Thursday, September 29, 2011

The Hunter - Mastodon - 2011

I have been playing Mastodon's latest, the much-anticipated The Hunter, since receiving it Monday and, specifically, during virtually all uninterrupted waking hours since my last posting two days ago. Not necessarily because I was immediately smitten but because, despite its 53-minute length across 13 songs, it flies by and the compositions, dense as ever, are so hard to digest in this fleeting form. It's also been a challenge to define what makes The Hunter so very different while at once so familiar. It's an album in the purest sense, a collection of songs in a single sleeve, not necessarily linked by any overarching theme apart from rock and roll by Mastodon. Fun-size nuggets of progressometallislopera replace the extended feasts we've become accustomed to and it's more than a little difficult for this listener to decide how best to dig in.

My immediate reaction to The Hunter was, as with most records, to pick out what sounds like who else. I can hear The Sword. I can hear Queens of the Stone Age. I can hear Sabbath. Not really. I can hear Mastodon. And I can hear specifically the strands of their DNA shared with those purveyors of rock that transcend riff, hook and chorus. That's not to say that individual selections from The Hunter do not indeed hook the listener and provide standalone replayable tracks structured in traditional four-minute rock song form. It's just that, somehow, creating an album of pieces seems almost irreconcilable with the existence of Mastodon and, no matter how they edit and sequence, the whole must be greater than the sum of its parts.

Still, song-for-song, The Hunter is a triumph. It rocks well, it stays interesting, and, in Mastodon fashion, it goes in directions that metal this successful has no business going. The compositions demand your attention, beg for repeated plays and practically require headphones. "All the Heavy Lifting," "Curl of the Burl," "Octopus Has No Friends," "Black Tongue" and "Blasteroid" all have all the components necessary to stand entirely on their own and each would function handily as the centerpiece of any respectable metal release. To have them together, then, is nearly overwhelming though, ultimately, I find I have to listen to this record beginning-to-end. I have literally logged 22 full plays of the record and feel as though I have only started to scratch the surface in terms of exploration of The Hunter's bountiful offerings.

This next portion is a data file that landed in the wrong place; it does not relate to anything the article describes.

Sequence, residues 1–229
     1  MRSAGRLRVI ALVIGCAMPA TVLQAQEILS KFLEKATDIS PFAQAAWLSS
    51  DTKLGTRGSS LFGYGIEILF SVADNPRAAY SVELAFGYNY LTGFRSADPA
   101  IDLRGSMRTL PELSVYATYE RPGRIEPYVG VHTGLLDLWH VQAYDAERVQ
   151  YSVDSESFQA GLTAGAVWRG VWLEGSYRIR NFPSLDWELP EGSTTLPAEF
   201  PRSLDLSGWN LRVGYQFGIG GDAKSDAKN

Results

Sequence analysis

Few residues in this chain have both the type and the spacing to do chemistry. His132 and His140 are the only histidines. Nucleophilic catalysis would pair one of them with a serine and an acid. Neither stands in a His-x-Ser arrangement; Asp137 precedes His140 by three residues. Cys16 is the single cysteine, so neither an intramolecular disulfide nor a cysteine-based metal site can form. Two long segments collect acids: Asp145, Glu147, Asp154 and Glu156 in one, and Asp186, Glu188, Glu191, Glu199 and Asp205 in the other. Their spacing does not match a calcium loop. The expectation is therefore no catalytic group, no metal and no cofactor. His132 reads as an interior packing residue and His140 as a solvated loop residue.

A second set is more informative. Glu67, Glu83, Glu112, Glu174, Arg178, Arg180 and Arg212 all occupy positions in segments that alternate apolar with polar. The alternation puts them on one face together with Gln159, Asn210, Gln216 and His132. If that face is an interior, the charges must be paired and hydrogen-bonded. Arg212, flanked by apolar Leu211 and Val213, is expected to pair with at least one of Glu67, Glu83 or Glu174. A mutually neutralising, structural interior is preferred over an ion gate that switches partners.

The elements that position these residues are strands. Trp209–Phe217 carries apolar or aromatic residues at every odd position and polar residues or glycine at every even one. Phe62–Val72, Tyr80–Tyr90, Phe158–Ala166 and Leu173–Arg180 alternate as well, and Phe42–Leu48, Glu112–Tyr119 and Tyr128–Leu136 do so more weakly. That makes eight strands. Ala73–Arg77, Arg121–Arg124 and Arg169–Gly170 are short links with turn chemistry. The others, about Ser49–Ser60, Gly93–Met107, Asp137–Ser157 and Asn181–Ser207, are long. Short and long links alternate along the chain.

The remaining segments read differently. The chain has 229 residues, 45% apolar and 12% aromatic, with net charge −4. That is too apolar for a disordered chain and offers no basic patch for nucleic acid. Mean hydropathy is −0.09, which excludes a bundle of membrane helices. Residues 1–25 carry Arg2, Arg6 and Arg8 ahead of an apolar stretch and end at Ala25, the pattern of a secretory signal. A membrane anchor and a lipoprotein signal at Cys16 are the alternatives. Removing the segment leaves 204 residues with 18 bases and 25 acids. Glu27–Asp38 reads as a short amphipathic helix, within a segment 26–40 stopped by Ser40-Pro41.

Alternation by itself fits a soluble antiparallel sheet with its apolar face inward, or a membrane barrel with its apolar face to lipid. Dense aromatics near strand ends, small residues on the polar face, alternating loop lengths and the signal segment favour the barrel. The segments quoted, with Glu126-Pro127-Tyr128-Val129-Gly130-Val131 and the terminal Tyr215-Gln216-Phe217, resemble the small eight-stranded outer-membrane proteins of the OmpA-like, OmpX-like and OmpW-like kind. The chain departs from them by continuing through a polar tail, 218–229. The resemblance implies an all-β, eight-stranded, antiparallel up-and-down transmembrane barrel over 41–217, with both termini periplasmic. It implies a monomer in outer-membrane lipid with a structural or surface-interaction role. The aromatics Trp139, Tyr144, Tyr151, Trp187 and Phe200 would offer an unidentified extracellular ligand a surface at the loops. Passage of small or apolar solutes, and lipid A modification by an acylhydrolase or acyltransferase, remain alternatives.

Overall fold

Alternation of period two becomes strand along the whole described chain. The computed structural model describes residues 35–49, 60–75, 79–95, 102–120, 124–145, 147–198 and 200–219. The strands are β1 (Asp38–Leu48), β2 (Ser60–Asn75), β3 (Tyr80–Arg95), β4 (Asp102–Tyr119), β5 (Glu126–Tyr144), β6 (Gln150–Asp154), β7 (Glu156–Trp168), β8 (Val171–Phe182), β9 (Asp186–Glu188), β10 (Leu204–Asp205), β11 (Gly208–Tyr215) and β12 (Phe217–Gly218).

I'm almost afraid that too many of the great unwashed will enjoy The Hunter and somehow render Mastodon less precious to those of us who consider this band to still be our cult secret. Somehow, like Zeppelin, like the almighty Black Sabbath, I think these guys can somehow rise to that mystical level of critic-proof perfection that still remains palatable on a massive scale. Scratch that. I think they're there.


  1. My first impressions are's almost as if it's a Greatest Hits album that they made from scratch. It's kind of hard to put to words but it makes sense in my head. Rather than just copying and pasting tracks from their catalog, they took the best riffs/snippets of their stuff and then made new songs.

    Either that or it's like a collection of B-sides. Some songs some very stylistically similar to other albums.

    Even though there's not necessarily a concept, I still think it pieces together pretty good. Maybe it's just me but so far most of it has me thinking of Outer Space.

    Pissed they can't be bothered to come through OK again.

  2. "Greatest Hits album that they made from scratch" may be the most precise (and perfectly concise) assessment I've come across so far. Very well said.

  3. Probably going to buy this one tomorrow based on your positive words.